Eddington Cookbook #1 Home-made bread

Eddington Cookbook #1 Home-made bread

Home-made bread

You may have guessed it by now, but in case it wasn’t clear I will let you in on the secret: I love to cook. For most of my adult years I have been cooking my own food, which brings great joy to me. However, when I moved to Eddington, I thought I would love to share this joy with other people and as a bonus get to know my neighbours. So in April 2019 I started the Eddington Eats community restaurant. Little did I know that cooking for groups of people is a completely different experience than cooking for myself.

Over the months I learned a lot about how to balance time management, grocery cost and the number of volunteers and eaters, with the complexity of the recipes we could make in Storey’s Field Centre’s tiny (but very well equipped!) kitchen. I want to thank everyone who participated in these events, Storey’s Field Centre for the continuous support, my volunteers for putting up with the pre-dinner chaos and the after-dinner dishes, the city council for the funding to get started, and most importantly all of the guests, who has made this learning experience extremely wonderful!

As we have all moved into self-isolation and working from home, we may have some more time on our hands to experiment in the kitchen. Which is what I did over the past weeks: making my own bread! Bread-making has always been something I have wanted to incorporate into my daily life, however, here’s another secret: baking intimidates me. I experimented one year as a student with making my own sourdough bread. Making the sourdough starter was easy, but after that the learning curve was steep. To maintain and use the sourdough starter I needed to optimise the conditions, as different room temperature, humidity or flour quality will affect the quantities of water, flour, fermentation time etc. you need. This resulted in the baking of a lot of mediocre breads and my motivation dissipated. In hindsight I should have started somewhere simpler to get the hang of basic bread baking in the first place...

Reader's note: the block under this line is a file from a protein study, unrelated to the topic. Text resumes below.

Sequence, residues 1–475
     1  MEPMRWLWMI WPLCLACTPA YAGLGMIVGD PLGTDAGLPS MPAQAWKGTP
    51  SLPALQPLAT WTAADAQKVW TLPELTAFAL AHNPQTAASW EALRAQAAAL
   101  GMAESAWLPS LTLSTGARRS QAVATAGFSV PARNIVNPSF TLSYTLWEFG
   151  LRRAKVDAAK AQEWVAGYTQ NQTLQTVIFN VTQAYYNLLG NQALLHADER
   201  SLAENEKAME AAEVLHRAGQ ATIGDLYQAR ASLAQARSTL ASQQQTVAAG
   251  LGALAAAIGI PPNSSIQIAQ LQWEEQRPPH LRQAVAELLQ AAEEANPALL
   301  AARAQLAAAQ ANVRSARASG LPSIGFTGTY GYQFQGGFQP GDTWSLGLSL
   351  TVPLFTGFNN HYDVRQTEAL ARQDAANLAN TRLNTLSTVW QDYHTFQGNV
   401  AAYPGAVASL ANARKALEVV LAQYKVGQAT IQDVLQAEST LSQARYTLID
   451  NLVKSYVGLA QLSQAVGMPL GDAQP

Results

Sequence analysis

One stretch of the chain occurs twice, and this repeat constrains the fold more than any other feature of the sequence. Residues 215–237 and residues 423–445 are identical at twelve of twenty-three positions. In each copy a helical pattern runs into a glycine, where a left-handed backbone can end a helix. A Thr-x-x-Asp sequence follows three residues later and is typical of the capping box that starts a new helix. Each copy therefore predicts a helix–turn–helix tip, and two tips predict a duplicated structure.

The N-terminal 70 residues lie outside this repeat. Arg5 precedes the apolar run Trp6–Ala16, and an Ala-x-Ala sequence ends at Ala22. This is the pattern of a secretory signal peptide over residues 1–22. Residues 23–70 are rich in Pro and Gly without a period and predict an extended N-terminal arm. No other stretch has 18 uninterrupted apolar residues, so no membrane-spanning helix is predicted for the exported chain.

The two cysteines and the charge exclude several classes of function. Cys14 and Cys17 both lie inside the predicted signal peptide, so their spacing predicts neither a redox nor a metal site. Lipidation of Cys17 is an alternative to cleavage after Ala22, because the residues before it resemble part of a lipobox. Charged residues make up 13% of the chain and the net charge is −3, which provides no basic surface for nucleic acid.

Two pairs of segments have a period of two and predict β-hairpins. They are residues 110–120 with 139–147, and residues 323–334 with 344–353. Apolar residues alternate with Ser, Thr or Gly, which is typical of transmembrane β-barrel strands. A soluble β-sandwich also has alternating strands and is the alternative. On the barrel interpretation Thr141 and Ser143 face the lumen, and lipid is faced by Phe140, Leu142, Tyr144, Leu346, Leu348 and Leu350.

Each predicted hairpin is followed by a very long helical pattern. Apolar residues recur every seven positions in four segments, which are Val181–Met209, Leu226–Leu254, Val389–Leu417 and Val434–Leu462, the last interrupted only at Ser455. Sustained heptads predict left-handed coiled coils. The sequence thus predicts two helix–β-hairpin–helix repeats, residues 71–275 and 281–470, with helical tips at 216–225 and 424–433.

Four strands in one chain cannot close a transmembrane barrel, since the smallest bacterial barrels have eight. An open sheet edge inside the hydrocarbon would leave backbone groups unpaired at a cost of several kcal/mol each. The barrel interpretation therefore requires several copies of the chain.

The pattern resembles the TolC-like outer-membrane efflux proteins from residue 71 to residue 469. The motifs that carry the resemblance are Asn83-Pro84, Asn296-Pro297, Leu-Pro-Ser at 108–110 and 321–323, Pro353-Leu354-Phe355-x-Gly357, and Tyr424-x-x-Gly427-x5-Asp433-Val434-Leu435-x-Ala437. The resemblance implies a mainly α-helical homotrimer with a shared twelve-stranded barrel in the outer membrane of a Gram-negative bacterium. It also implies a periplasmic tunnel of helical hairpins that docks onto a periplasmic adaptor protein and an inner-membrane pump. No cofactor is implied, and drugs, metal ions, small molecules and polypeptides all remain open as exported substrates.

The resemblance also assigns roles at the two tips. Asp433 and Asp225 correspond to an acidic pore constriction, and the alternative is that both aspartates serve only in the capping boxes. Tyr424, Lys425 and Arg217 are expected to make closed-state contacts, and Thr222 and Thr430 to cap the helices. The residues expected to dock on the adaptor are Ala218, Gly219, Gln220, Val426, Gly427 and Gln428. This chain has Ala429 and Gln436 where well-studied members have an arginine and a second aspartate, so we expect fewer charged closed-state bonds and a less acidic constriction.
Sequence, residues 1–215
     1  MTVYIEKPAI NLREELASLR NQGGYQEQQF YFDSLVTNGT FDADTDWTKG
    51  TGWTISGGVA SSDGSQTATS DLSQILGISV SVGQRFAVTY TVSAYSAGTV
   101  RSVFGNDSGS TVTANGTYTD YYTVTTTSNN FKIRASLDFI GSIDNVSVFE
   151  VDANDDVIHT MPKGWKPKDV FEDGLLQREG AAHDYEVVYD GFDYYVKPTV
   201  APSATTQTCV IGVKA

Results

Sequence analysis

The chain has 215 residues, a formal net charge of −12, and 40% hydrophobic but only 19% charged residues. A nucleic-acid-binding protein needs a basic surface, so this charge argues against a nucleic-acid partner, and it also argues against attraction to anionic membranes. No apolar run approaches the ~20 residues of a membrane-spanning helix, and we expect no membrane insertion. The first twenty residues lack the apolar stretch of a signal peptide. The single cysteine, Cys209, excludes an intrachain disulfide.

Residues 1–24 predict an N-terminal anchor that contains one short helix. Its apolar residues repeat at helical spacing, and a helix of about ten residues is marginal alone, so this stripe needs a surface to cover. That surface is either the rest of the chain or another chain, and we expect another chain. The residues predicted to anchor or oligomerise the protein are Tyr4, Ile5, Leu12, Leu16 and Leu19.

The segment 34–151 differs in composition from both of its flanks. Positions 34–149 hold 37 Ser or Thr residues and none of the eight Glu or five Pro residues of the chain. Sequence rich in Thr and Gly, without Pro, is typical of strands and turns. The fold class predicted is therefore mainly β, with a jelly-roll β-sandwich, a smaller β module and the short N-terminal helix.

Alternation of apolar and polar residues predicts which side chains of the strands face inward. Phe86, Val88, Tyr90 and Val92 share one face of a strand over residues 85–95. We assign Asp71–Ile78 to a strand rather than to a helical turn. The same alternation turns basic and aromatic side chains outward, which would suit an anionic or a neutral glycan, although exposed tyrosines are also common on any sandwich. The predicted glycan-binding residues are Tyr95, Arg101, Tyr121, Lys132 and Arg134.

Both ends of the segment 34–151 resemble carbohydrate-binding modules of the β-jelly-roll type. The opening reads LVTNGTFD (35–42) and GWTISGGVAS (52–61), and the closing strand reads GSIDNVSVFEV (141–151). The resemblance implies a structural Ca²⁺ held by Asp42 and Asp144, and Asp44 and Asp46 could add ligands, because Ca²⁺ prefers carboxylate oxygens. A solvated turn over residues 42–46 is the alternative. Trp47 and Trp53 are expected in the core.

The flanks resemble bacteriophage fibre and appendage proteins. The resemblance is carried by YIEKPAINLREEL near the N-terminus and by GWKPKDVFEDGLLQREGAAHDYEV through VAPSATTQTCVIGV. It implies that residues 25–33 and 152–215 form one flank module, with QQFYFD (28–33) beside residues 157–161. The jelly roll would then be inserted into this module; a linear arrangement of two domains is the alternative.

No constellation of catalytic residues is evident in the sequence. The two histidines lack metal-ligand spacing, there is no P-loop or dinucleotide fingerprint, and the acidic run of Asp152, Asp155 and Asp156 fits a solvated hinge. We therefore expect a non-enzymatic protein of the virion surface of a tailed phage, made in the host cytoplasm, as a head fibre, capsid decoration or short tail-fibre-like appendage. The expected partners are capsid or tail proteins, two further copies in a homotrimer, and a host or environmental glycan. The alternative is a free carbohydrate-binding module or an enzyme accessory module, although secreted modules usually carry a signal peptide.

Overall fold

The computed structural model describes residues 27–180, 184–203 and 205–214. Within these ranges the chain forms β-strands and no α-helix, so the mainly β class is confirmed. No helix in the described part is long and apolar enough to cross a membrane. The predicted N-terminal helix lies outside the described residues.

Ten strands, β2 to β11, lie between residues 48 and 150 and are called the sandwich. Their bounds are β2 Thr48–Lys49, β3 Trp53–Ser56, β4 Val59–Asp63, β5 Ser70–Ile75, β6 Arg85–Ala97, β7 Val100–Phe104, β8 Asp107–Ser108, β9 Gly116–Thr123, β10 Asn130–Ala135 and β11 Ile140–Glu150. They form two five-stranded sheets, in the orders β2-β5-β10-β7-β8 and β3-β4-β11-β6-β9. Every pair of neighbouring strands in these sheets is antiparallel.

So recently, when I found myself with time on my hands, I browsed one of my favourite recipe blogs and I found a no-knead bread recipe. Yes, no kneading involved! The simplicity of the recipe made me very excited to try it. The bread only requires you to put the ingredients together, let it sit for a long fermentation and then bake! 

Beth, the author of BudgetBytes, has two versions of the no-knead bread on her website which I have tried and for the recipes I will refer you to her website. There is the regular no-knead bread that is made with all white flour and is absolutely delicious:

And then there is the seeded loaf, that used part whole-wheat flour and seeds such as flax and chia to create a different texture.

I particularly like Beth’s website, as all recipes come with step-by-step pictures, so you can always compare your step to hers and see if the result looks like it should. In that vein I decided I will share with you my experience making her no-knead seeded loaf, through some pictures. If you try to make bread at home the coming weeks, I would love to know how it goes. Please share a picture or tell about you experience in the weekly Eddington Cookbook discussion thread or tag @Eddington_ra on Instagram and Twitter. Happy baking!


For the seed mixture I added rolled oats, chia seeds and flax seeds following the recipe, but substituted hemp for quinoa and let that soak for an hour, which is what you see here.

Here are all the ingredients ready to be mixed in a bowl. For my bread I use, Sainsbury’s all purpose flour, whole-wheat bread flour and dry-active yeast. 

After mixing everything together it looked like this. I left the dough in the bowl and placed a damp tea towel and a plate on top of it, to prevent the dough from drying out.

I left my dough to ferment for 14 hours, after which it looked like this. It had lots of air bubbels and had risen up quite a bit.

As I don’t have a Dutch oven, I preheated an oven dish and an oven-safe metal pot in the oven at 220˚C. after placing the bread in the (hot!) oven dish I scored the top with a bread knife. This creates a place for the steam to escape while baking (and prevent your bread from looking like it randomly exploded on the side). Then I placed the oven dish on a solid rack and place the pot over top. The goal is to trap the heat and steam inside for the first half hour of baking to get a crunchy, rustic-looking crust. If you don’t have any of these things, you might try putting two oven dishes on top of each other. Another way to create steam in the oven is to place an oven tray with water on the bottom of the oven, although you may not get the same level of rise. As Beth explains on her website you can also bake the bread on a rack, but you won’t get the same crust.

After 30 minutes of covered baking, I removed the pot for 10 minutes to let the bread brown. Tada! Here’s the result.

It is super moist on the inside and crunchy on the outside! A great reward with minimal effort.

Lis (that's me) is the organiser of the monthly Eddington Eats community restaurant at Storey’s Field Centre and has lived in Eddington for 1 year and 3 months.



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